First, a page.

Tell us what you particularly liked about the product

The natural motion and resistance curve, the smooth spin down

Tell us what you particularly disliked about the product

The fact that it's a turbo trainer...

Did you enjoy using the product? Enjoy?

Would you consider buying the product? For the amount of time I spend on the turbo I wouldn't really be able to justify it

Would you recommend the product to a friend? Yes, if they were serious about getting the static miles in

Overall rating: 8/10

About the tester

Age: 36  Height: 190cm  Weight: 98kg

I usually ride: whatever I\'m testing...  My best bike is: Trek 1.5 with Ultegra 6700

I've been riding for: 10-20 years  I ride: Every day  I would class myself as: Experienced

I regularly do the following types of riding: time trialling, commuting, sportives, general fitness riding, fixed/singlespeed, mtb, Mountain Bike Bog Snorkelling, track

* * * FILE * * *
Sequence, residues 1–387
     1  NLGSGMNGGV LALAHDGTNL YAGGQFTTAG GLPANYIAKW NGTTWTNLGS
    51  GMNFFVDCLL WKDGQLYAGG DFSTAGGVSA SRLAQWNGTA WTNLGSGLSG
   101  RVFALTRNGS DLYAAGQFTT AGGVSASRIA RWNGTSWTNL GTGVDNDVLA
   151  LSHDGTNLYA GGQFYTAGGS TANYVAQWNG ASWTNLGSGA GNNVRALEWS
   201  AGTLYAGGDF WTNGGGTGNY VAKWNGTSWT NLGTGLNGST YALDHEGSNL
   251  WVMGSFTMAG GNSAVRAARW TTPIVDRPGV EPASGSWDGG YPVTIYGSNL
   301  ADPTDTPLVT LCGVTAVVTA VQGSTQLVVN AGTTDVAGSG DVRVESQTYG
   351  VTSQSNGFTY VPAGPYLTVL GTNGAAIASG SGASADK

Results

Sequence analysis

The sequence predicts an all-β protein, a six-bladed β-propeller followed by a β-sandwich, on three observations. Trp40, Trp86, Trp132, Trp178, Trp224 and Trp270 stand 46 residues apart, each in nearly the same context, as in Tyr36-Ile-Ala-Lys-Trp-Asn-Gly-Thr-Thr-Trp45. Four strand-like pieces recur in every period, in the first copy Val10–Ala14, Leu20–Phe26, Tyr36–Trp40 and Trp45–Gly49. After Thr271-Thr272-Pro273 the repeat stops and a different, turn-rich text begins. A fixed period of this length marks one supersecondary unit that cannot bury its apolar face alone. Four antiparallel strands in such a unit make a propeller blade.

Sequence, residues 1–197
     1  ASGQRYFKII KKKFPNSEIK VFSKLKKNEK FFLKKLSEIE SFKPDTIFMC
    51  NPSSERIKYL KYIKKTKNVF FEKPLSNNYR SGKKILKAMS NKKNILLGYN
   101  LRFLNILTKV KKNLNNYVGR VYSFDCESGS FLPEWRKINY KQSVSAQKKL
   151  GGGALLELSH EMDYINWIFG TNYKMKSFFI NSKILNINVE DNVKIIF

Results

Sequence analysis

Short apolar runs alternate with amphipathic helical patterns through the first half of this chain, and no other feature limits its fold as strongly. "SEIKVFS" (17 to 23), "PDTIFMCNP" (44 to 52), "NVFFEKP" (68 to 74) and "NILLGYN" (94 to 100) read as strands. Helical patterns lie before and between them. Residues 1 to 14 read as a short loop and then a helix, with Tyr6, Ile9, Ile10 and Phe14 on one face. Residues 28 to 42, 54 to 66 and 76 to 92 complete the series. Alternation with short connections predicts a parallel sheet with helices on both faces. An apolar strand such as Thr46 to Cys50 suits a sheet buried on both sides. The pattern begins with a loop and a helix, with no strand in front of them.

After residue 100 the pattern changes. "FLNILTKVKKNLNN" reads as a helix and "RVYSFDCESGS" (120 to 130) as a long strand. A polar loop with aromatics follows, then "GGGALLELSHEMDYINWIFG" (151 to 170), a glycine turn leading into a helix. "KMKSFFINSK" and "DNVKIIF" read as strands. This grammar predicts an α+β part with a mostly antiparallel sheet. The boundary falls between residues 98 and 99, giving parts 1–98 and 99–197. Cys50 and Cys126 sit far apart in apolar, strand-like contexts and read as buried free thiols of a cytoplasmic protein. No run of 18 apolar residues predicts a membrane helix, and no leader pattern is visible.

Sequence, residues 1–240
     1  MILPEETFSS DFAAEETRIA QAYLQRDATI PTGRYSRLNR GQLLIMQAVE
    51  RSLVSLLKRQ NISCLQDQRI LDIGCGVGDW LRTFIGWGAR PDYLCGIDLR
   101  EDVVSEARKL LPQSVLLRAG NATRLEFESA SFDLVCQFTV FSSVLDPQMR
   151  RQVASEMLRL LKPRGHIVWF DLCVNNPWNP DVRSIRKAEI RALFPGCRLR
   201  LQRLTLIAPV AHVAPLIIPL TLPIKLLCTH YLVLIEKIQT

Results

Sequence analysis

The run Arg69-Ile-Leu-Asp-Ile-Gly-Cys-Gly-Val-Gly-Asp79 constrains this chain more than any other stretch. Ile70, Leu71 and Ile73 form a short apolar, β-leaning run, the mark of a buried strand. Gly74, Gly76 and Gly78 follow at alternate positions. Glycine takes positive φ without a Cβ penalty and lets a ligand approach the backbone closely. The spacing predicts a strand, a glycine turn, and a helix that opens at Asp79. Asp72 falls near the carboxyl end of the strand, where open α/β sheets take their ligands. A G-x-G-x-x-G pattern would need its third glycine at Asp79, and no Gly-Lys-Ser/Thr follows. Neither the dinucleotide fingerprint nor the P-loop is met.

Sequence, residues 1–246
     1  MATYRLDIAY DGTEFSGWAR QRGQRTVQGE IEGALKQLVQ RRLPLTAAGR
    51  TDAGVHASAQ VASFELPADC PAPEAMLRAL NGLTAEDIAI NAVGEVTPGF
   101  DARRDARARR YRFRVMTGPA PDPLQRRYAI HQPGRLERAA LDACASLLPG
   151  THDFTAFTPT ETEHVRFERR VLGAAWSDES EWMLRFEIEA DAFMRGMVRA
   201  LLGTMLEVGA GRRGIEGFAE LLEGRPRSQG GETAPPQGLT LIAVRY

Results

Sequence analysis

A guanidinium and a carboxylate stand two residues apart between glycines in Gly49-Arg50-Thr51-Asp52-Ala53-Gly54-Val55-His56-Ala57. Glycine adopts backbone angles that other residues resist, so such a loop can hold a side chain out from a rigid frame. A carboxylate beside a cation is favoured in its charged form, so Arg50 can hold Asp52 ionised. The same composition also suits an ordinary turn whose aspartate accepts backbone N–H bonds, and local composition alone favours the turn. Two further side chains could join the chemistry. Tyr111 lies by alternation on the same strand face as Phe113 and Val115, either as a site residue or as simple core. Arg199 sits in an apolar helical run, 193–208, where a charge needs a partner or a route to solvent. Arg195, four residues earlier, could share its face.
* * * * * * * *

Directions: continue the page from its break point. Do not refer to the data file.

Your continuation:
Dave is a founding father of, having previously worked on Cycling Plus and What Mountain Bike magazines back in the day. He also writes about e-bikes for our sister publication ebiketips. He's won three mountain bike bog snorkelling World Championships, and races at the back of the third cats.

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Trev Allen | 14 years ago

Whats the idea behind an altimeter on a turbo trainer? Don't most people usually pick flat routes on the turbo anyway  3

dave atkinson replied to Trev Allen | 14 years ago
Trev Allen wrote:

Whats the idea behind an altimeter on a turbo trainer? Don't most people usually pick flat routes on the turbo anyway  3

hur hur. the computer is a fairly normal, if well-equipped, bike computer (ie designed for use off the turbo) but on the turbo it also gives power readings calibrated to the Kurt. in case you weren't just being sarcastic  1